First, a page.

The manufacturer of a Loyd Grossman curry sauce that has left two people in Scotland seriously ill with botulism is examining whether the food became contaminated during a 300 mile journey.
By James Hall, Consumer Affairs Editor
Health officials recalled 47,000 jars of the television presenter’s korma sauce over the weekend after two members of the same family in Scotland fell ill.
Premier Foods, which makes the sauce as well as other brands including Hovis bread and Mr Kipling cakes, said that it is “working urgently with the authorities” to investigate the cause of the incident.
As well as looking into conditions at the Bury St Edmunds factory where the sauce was made, Premier said that it is examining “how the jar may have been transported and stored after leaving the factory”.
While Health Protection Scotland (HPS), the quango in charge of Scottish public health, has refused to give details of where in Scotland the affected family lives, it is understood that the jar of contaminated korma was bought in a branch of Tesco, Co-op or Morrisons close to their home.
A Premier spokesman said the company is investigating how the sauce was handled over the 300-plus mile journey between East Anglia and Scotland. Although botulism is caused by a food-borne virus that usually occurs in the canning or bottling process, the virus could also have entered the product as it sat in a warehouse or on a delivery lorry.
It is understood that the police are not involved in the investigation, suggesting that sabotage is not being examined as a cause for the outbreak.
Botulism is a rare but serious illness caused by toxins that are produced by a potentially fatal bacteria that attacks the nervous system. The infection is not contagious, and symptoms of food-borne botulism typically begin between 12 and 36 hours after ingestion of contaminated food.
Symptoms include blurred visions, difficulty swallowing and difficulty speaking.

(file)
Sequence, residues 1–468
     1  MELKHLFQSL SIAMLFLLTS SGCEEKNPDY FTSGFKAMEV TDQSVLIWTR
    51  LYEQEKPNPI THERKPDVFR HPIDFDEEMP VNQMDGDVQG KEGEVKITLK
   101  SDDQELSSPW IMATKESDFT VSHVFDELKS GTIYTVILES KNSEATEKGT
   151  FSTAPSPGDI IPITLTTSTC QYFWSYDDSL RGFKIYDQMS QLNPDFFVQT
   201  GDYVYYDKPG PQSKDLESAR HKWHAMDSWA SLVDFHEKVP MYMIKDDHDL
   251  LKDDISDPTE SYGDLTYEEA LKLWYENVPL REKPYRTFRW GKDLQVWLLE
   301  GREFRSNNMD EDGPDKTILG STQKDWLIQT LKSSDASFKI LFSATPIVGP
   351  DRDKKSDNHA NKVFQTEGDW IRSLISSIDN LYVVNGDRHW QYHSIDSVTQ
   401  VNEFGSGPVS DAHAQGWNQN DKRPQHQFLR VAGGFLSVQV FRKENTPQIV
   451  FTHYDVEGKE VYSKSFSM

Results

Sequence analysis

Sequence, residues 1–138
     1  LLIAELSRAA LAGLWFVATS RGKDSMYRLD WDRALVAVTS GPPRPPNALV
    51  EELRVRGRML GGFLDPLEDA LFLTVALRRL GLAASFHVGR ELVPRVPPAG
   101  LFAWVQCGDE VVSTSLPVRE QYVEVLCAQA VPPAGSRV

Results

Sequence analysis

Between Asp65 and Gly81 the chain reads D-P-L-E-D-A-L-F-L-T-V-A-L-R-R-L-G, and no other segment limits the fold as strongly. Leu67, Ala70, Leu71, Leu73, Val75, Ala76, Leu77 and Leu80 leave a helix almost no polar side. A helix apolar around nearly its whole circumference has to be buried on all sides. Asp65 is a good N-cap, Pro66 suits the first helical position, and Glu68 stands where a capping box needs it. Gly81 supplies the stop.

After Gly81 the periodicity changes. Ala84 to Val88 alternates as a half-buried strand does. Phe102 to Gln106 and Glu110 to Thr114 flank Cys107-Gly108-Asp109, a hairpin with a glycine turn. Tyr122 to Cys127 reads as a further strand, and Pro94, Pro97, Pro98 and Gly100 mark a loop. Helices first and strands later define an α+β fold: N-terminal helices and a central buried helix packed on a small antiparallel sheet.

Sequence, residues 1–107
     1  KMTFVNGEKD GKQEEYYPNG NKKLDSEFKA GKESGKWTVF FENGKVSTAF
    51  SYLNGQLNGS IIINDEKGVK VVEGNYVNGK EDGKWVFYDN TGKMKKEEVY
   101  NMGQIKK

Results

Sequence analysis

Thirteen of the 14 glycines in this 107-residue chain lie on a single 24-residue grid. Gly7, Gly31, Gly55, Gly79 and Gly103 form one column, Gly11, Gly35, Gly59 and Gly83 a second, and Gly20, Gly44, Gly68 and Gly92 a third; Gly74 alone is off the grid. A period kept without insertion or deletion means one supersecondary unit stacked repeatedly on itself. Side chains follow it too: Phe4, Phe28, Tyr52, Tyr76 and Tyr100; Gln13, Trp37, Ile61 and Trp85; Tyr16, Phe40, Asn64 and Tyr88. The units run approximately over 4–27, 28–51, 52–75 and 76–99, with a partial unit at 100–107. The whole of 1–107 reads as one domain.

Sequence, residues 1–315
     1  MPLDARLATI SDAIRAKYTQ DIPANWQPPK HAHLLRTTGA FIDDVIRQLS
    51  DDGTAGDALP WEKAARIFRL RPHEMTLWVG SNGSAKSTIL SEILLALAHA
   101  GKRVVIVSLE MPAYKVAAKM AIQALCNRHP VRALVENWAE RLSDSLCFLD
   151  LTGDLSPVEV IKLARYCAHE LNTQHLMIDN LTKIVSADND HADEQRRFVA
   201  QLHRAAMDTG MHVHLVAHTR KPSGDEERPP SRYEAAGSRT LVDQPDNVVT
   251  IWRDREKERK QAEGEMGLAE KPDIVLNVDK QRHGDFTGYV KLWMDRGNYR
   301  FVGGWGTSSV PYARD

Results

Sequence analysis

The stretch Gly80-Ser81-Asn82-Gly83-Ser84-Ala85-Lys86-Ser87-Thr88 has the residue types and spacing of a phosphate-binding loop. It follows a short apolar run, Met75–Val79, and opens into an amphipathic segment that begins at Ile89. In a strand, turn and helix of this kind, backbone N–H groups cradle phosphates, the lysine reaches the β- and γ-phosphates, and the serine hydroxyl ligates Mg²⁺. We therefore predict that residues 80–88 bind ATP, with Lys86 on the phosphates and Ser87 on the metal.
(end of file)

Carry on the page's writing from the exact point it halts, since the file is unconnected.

The Loyd Grossman recall involves 350g jars of korma sauce with a best before date of February 2013. The sauce has a batch code of 1218R 07:21, which can be found on the neck of the bottle.
The Food Standards Agency warned people not to consume jars of the sauce from the affected batch.
In a statement Premier Foods said that there is “no evidence” of further contamination beyond the affected batch.
It said: “The safety of consumers is of paramount importance to us. At this stage, we understand that the incident relates to a single jar of korma sauce. There is no evidence of any broader contamination, no further reports of illness have been notified to the authorities and we have had no consumer complaints of illness related to this product.
“We are working urgently with the authorities to investigate the cause of this incident, including how the jar may have been transported and stored after leaving the factory. While these investigations are underway, we have initiated a precautionary recall of the specific batch code in the interests of the safety of our consumers.”
Last month Premier Foods identified Loyd Grossman sauces as one of its eight “power brands” that it saw as having the best growth prospects in the future. Sales of Loyd Grossman sauces reached £45m last year.